Click to scroll back to the top
Share on FacebookShare on TwitterShare on Linkedin
Follow us
Copyright 2024. Houston Methodist, Houston, TX. All rights reserved.
Click to go to previous articleClick to go to next article
Clinical Research

New Findings Offer Improved Therapy for Early-Stage, BRCA Mutation-Associated Breast Cancer

New findings from a multi-national investigation of a new treatment demonstrate it has the potential to improve the outcomes for patients with hereditary BRCA mutations and high-risk, early-stage breast cancer. These results represent the first time a Poly(ADP-ribose)-polymerase (PARP) inhibitor has been shown to significantly reduce the risk of breast cancer returning in high-risk patients following completion of standard chemotherapy, surgery and radiation therapy.
The paper, “Adjuvant Olaparib for Patients with BRCA1 or BRCA2 Mutated Breast Cancer,” appears in the June 3 issue of the New England Journal of Medicine and was presented on June 6 as the first abstract during the plenary session at the 2021 American Association of Clinical Oncology (ASCO) Annual Meeting.
Led by top experts in BRCA-associated breast cancer from around the world, the OlympiA trial’s co-chairs were Charles E. Geyer, Jr., M.D., a breast medical oncologist and deputy director of the Houston Methodist Cancer Center, Judy E. Garber, M.D., M.P.H., of the Dana-Farber Cancer Institute, and Bella Kaufman, M.D., of the Sheba Medical Center in Israel. Geyer was the principal investigator on the NCI-sponsored portion of the study conducted in the U.S. and has provided scientific leadership on the trial since 2013.
OlympiA represents a successful global collaboration among leading international academic breast cancer research groups, cancer genetics experts, the National Cancer Institute and pharmaceutical industry partners to evaluate the efficacy and safety of olaparib to address the unmet need for improved therapy for individuals with high-risk, BRCA mutation-associated early breast cancer.
Charles E. Geyer, Jr., M.D.
Lois E. and Carl A. Davis Centennial Chair in Cancer Research,
Cancer Center Professor of Medicine in Oncology Deputy Director, Cancer Center
Houston Methodist
Weill Cornell Medical College
The OlympiA trial recruited 1,836 patients from 420 centers across 23 countries. A randomized double-blind phase 3 trial, OlympiA was designed to test the efficacy of the PARP inhibitor drug olaparib and showed that it significantly improved invasive and distant disease-free survival when given for 52 weeks following the completion of such standard therapies as chemotherapy, surgery and radiation.
Patients were recruited from June 2014 through May 2019 and patients who consented to participate were randomly assigned to receive olaparib or a placebo. After three years following initiation of treatment with olaparib, 85.9 percent of patients were alive and free of recurrent, invasive breast cancer and new second cancers, compared with 77.1 percent of patients who received a placebo. During this same timeframe, 87.5 percent of patients receiving olaparib were alive and free of distant metastatic disease, compared to 80.4 percent on the placebo.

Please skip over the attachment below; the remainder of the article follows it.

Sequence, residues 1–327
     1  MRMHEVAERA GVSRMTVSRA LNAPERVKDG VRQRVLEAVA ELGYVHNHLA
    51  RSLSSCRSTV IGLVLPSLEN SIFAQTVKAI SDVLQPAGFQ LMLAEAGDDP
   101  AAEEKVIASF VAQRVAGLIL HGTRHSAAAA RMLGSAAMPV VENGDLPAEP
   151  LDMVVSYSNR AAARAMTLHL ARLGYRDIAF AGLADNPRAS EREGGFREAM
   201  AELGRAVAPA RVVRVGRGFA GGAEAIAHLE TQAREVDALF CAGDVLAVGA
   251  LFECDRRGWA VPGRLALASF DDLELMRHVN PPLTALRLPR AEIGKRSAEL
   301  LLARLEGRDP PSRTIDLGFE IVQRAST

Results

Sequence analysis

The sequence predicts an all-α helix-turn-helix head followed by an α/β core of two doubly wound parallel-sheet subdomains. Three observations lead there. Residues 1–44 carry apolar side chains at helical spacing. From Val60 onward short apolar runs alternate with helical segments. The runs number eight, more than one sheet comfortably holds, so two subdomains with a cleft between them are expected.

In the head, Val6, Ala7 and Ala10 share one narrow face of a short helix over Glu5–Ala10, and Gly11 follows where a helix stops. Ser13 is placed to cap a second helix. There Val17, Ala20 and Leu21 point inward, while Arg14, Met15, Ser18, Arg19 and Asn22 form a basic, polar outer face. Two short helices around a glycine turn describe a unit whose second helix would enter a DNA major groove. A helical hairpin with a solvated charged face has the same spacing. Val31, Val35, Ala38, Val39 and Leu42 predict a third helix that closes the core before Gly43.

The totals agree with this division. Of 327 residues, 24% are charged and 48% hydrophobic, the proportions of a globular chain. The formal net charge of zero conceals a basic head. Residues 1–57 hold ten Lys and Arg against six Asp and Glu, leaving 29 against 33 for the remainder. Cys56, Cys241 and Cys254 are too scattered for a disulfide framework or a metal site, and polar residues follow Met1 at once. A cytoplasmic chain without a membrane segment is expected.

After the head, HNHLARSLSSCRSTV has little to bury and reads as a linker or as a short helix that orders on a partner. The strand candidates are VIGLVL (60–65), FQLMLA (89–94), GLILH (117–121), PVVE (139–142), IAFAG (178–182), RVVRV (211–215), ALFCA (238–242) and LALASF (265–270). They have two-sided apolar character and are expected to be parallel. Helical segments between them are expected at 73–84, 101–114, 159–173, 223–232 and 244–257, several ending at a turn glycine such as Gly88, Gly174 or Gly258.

While olaparib was also associated with 27 fewer deaths than those on placebo, researchers say longer blinded follow up is required to assess the impact of this therapy on overall survival. What is certain, say researchers, is that germline BRCA1 and BRCA2 sequencing is becoming an important biomarker for the selection of systemic therapy in early breast cancer.
The study was supported by funding from the U.S. National Cancer Institute (grants U10CA180868, UG1CA189867, U10CA180822) and AstraZeneca as part of an alliance between AstraZeneca and Merck Sharp & Dohme Corp ( NCT02032823). The study was coordinated by the Breast International Group in academic partnership with Frontier Science & Technology Research Foundation and NRG Oncology (BIG 6-13, NSABP B-55).
For more information: Adjuvant Olaparib for Patients with BRCA1- or BRCA2-Mutated Breast Cancer. The New England Journal of Medicine. Andrew N.J. Tutt, M.B., Ch.B., Ph.D., Judy E. Garber, M.D., M.P.H., Bella Kaufman, M.D., Giuseppe Viale, M.D., Debora Fumagalli, M.D., Ph.D., Priya Rastogi, M.D., Richard D. Gelber, Ph.D., Evandro de Azambuja, M.D., Ph.D., Anitra Fielding, M.B., Ch.B., Judith Balmaña, M.D., Ph.D., Susan M. Domchek, M.D., Karen A. Gelmon, M.D., Simon J. Hollingsworth, Ph.D., Larissa A. Korde, M.D., M.P.H., Barbro Linderholm, M.D., Ph.D., Hanna Bandos, Ph.D., Elżbieta Senkus, M.D., Ph.D., Jennifer M. Suga, M.D., Zhimin Shao, M.D., Andrew W. Pippas, M.D., Zbigniew Nowecki, M.D., Ph.D., Tomasz Huzarski, M.D., Ph.D., Patricia A. Ganz, M.D., Peter C. Lucas, M.D., Ph.D., Nigel Baker, M.Sc., Sibylle Loibl, M.D., Ph.D., Robin McConnell, M.Sc., Martine Piccart, M.D., Ph.D., Rita Schmutzler, M.D., Dr.Med.Habil., Guenther G. Steger, M.D., Joseph P. Costantino, Dr.P.H., Amal Arahmani, Ph.D., Norman Wolmark, M.D., Eleanor McFadden, M.A., Vassiliki Karantza, M.D., Ph.D., Sunil R. Lakhani, M.D., Greg Yothers, Ph.D., Christine Campbell, M.Sc., and Charles E. Geyer, Jr., M.D. for the OlympiA Clinical Trial Steering Committee and Investigators* DOI:
Lisa Merkl, June 2021
Share this story
Related Articles
Clinical Research
Antibody to Fight Silent Killers
Joining forces to block MFAP5 protein in killer cancers
Electromagnetic cap
Clinical Research
Revolutionary Stroke Recovery
TRPMS cap reveals—and recovers—brain function